Premature finishing, overworking the surface and inadequate curing are typical causes of surface defects on exterior slabs. Some of these defects include premature wear, scaling, mortar flaking and plastic-shrinkage cracking. Figure 1 in the sidebar on page 34 shows the construction steps or sequence to properly place, finish and cure exterior slabs. If these steps are not properly followed, surface defects can occur resulting in costly repairs or slab replacements for the concrete contractor.
As shown in Figure 1, premature finishing occurs when the second floating starts too soon. Premature finishing typically involves finishing or mixing bleed water into the top surface of the concrete or prematurely sealing the surface. Sealing the concrete prematurely traps rising bleed water and air beneath the top surface creating weak or soft zones directly beneath the slab’s surface. Mixing bleed water into the surface or trapping bleed water and air directly beneath the surface typically results in premature surface wear and scaling.
Finishing bleed water into the top surface. Upon concrete placement, mixing water starts to migrate upward as cement and aggregate particles begin to settle. This phenomenon is called bleeding. If the evaporation rate at the surface of the slab is less than the bleed rate of the concrete, bleed water accumulates and creates a sheen or layer of water on the top surface.
As illustrated in Figure 1, wait for the bleed water to evaporate or physically remove the bleed water before starting the second floating process. Also, the second pass of edging and jointing should not start until most of if not all of the bleed water is gone. Mixing or finishing bleed water into the top surface increases the water to cementitious material (w/cm) ratio on the top surface as shown in Image 1. Increasing the w/cm ratio decreases strength and watertightness of the concrete making the surface more prone to premature surface wear and scaling. If the surface has stiffened sufficiently for floating but bleed water has not evaporated, drag a rubber water or compressor hose across the surface to remove the surface water.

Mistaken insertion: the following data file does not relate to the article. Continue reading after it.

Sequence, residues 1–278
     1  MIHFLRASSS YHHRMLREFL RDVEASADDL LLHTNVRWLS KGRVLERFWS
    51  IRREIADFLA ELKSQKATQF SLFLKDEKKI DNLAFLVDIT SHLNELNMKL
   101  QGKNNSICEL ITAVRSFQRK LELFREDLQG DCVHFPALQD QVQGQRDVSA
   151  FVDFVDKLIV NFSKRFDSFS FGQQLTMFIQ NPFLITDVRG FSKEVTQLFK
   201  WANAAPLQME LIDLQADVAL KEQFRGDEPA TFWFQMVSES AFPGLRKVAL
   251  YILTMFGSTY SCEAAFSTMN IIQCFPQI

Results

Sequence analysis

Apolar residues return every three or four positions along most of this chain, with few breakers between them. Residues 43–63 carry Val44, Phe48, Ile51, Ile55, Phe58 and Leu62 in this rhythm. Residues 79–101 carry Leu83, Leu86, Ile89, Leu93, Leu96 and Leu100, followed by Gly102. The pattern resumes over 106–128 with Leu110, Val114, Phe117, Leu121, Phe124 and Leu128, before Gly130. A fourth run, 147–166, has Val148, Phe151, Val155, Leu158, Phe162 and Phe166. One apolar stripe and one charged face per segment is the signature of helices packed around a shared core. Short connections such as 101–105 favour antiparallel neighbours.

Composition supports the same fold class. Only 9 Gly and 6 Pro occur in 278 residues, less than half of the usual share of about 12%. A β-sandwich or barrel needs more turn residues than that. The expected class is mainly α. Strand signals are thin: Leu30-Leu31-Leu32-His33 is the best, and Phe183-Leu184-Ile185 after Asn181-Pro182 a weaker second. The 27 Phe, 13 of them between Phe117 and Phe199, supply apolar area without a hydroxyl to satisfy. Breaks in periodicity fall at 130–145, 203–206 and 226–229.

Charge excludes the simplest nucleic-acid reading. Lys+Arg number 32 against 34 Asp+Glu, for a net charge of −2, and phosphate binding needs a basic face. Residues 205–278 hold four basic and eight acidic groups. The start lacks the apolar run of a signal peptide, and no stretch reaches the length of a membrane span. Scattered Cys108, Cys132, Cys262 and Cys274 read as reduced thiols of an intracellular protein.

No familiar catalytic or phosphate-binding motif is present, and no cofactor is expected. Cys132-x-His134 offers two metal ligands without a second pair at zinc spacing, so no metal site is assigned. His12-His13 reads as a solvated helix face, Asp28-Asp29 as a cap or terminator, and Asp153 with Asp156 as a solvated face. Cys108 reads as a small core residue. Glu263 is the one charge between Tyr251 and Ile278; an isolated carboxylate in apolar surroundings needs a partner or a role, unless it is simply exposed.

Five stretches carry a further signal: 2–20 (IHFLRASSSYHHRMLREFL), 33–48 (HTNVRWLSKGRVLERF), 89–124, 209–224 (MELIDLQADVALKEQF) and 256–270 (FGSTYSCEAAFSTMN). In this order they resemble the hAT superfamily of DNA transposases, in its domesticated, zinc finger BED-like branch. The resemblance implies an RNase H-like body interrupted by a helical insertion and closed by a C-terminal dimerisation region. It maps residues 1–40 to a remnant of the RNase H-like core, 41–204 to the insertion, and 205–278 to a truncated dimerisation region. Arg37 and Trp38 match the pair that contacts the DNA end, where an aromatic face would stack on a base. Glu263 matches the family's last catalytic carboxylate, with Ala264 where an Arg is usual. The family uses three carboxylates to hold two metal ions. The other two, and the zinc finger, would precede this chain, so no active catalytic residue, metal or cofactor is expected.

Trapping bleed water and air. More often, premature finishing or improper first (bull floating) or second floating results in trapping rising bleed water and air below the top surface of the concrete (Image 2). When this occurs, the resulting weak or soft zone below the surface causes the top surface of the concrete to flake or scale off. Of course, other factors including exposure conditions, overall quality of concrete (strength, mix proportions, aggregate properties, etc.) and quality of the air-entrainment and curing contribute to the scale resistance of concrete.
However, finishing slabs before bleeding has stopped is a common cause of surface scaling, especially in areas of the country where surface evaporation rates commonly exceed the bleed rates of concrete. When evaporation rates exceed bleed rates, finishers many times mistakenly believe the waiting period is over and start the second floating operation. However, the concrete has not stopped bleeding. The surface has stiffened and appears ready to be floated but stiffening occurred due to drying of the surface and not by the hydration process of the cementitious materials. To offset surface drying, use foggers or spray-on evaporation retarders.
In the early spring and late fall, another similar phenomenon may occur when concrete is placed on cold ground or base materials. Due to warm air temperatures and solar radiation, differential concrete setting occurs or the concrete sets from top down. When this occurs, the surface is ready for finishing but the underlying concrete is still plastic and bleeding. This situation presents a finishing challenge. Consider offsetting differential concrete setting by using hot water and chemical accelerators to offset the slower setting concrete below the surface or warming the ground or base materials with electric curing blankets or hydronic (ground thawing) systems.